Biking with your dog is a lot of fun. Most importantly, it gives you and your dog great exercise in a short amount of time, especially if your dog has a lot of energy to burn! We give you simple, quick steps to learn to bike with your dog. You’ll enjoy hitting the trails in no time.
Quick Steps to Biking With Your Dog
- Get Used To Equipment
- Walk With Your Bike
- Get On Your Bike – Go Slow
- Practice Turns – Go Slow
- Build Up To Faster and Longer Bike Rides
Read on to learn more about getting started with biking with your dog. We also give you some more tips on what dogs can run, health and safety considerations, cycling etiquette, biking tips for smaller dogs, and information about bikejoring.
Before you start, don’t forget to tune up your bike and replace any worn out parts! You might want to make sure your bike is outfitted with enough reflective gear and a bell before you train your dog. If you are just starting out with your dog, you may want to change clips to a flat pedal.
Need to know what type of biking accessories to get for your dog? We got you covered here.
If you are just getting started biking with your dog, here are a few other articles you should read:
- How To Train Your Dog To Run With You Read Now
- Top 10 Bike Trails That Allow Dogs (with links to trip planning guides and listings) Read Now
- Best Biking Accessories for Dogs Read Now
Related Pawtivity / Event: Biking
HOW TO BIKE WITH YOUR DOG
1. Get Used To Equipment
Dogs aren’t familiar with biking gear and equipment so have them sniff any gear you will be using, bringing, or wearing. Get your dog used to the sounds and actions of the bike. Reward with a lot of treats even when they take an interest in your bike. Roll your bike and turn the wheels so your dog can hear and see the bike move.
Have another person hold your dog as you ride your bike in full gear so your dog can see you going faster on a bike and what to expect. Don’t forget to reward heavily with treats so your dog has a positive association with you riding the bike.
2. Walk With Your Bike
Leash your dog to your bike with the bike attachment and take a short walk. Don’t get on your bike, just walk while holding your bike going in a straight line. Next, introduce your dog to wide turns going left and right as you walk your bike. Your dog will have to learn to slow down and speed up when necessary.
Gradually introduce your dog to tighter or wider turns so your dog. Then, gradually walk faster and slower so you dog ca start to learn how he needs to adjust his speed to go along with the bike. Give rewards and praise as you train your dog.
If your dog is having a hard time with this step, take your dog off the bike attachment and hold them with a regular leash as you walk. You may even have to go back to training your dog to walk in a heel position next to you so they learn to focus on you and stay at your side as you walk. Use treats and praise to reward as you train your dog.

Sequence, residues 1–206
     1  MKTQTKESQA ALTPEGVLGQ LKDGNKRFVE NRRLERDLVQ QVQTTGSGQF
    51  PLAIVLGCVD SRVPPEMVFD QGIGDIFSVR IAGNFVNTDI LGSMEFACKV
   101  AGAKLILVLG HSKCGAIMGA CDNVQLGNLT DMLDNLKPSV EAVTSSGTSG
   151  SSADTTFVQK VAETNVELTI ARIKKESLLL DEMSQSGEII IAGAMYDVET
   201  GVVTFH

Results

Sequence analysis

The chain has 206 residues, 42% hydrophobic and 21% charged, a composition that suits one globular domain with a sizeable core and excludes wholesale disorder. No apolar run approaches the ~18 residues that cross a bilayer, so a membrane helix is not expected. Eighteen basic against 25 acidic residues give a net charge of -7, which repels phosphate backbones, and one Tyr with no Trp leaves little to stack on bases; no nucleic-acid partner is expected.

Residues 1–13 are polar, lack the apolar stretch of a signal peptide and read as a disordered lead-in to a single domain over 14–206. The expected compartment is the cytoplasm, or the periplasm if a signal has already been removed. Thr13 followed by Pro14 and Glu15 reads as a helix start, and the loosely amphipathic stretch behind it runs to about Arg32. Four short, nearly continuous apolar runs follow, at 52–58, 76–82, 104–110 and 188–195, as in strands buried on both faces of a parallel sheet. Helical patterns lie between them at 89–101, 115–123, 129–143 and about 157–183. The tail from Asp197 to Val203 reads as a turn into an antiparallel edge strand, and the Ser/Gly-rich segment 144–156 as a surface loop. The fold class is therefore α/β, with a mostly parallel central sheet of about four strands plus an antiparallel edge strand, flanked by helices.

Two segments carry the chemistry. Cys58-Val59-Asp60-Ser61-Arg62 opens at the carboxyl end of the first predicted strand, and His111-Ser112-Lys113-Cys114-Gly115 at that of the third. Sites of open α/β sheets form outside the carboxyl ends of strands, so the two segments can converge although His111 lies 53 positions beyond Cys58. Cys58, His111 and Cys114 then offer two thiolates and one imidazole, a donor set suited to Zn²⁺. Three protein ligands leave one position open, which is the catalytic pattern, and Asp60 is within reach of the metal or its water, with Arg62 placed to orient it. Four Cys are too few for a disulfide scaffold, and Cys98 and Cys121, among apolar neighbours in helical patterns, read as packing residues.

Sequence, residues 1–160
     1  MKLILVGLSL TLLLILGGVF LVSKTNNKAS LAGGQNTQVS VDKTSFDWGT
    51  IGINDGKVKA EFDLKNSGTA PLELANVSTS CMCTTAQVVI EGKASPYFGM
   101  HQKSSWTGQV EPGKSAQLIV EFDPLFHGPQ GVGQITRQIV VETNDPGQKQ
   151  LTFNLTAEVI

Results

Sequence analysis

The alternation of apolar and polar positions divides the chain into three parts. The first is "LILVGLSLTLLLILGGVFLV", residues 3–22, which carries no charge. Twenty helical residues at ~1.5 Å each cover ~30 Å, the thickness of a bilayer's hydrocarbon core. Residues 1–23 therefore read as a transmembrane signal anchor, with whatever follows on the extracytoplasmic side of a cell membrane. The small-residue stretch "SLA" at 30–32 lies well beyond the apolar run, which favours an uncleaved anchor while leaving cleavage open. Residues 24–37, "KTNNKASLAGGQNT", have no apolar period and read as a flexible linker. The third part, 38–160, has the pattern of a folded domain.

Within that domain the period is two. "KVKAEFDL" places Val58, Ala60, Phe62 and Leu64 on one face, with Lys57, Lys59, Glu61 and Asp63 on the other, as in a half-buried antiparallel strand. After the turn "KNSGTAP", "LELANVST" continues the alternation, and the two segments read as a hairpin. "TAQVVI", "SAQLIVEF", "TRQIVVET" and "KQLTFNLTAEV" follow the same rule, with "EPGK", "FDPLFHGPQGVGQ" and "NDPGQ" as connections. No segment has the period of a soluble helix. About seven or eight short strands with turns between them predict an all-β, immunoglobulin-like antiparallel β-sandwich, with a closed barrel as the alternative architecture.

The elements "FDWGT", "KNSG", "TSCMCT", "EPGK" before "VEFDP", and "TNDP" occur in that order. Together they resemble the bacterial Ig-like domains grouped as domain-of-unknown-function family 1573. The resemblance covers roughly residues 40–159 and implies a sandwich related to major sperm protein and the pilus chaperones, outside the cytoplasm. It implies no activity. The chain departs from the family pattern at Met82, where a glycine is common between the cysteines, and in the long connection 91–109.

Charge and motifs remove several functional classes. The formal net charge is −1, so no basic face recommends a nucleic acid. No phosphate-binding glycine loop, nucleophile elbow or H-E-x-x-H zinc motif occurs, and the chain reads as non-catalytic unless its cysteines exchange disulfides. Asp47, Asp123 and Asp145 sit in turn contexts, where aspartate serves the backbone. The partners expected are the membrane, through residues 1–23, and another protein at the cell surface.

3. Get On Your Bike – Go Slow
Find a location with little traffic, distractions, and a path that is relatively straight for along time. Leash your dog to your bike with the bike attachment. Start pedaling slow in a straight line and pay attention to how your dog responds. Get them to a trotting stance to start with and then to a slow jog.
If you have more than one dog, train each dog separately up to now before attaching them to the leash together. The dogs should already be used to walking side by side together.
4. Practice Turns – Go Slow
Now that you have a mastery of biking slowly with your dog, add in turns but go slowly again and pay attention to how your dog is progressing. Practice riding the bike slowly with your dog attached until your dog becomes more comfortable going straight and turning.
5. Build Up To Faster and Longer Bike Rides
It’s time to hit the trails. Remember, your dog will be the one setting your pace so you need to pay attention to how fast your dog can run.
Dogs need to build up endurance and stamina. They also need to build up their paw pads so they don’t get raw pads from running. Start with 5 minutes of running at a time. Start with your practice speed and gradually increase speed. Each week you should increase distance by only a few minutes.
Don’t forget to take frequent breaks and reward him each time for doing such a great job. Keep practice sessions to no more than 15 minutes and keep your dog anticipating more time on the trail. He should be running towards you the next time he sees your bike!
As you bike, give your dog small, frequent water breaks even every 5 minutes at a time. Check their paws, mouth, and eyes each time. You will need to pay attention to signs of overheating, excessive panting (they are too hot), and even limping as you increase your mileage. Don’t overdo it. Slowly get a sense for how much your dog needs to drink . Use that knowledge when increasing mileage for your dog.
Most Important: Don’t forget to have fun while you are out with your dog! It’s not a competition to go the fastest. Baby steps people!
WHAT DOGS CAN RUN
Dogs that can keep up with you on a bike are usually medium to large in size, which is the size most bike equipment for dogs are designed for. Your vet should be able to tell you how well your dog may be able to run, especially if you have a puppy or senior dog.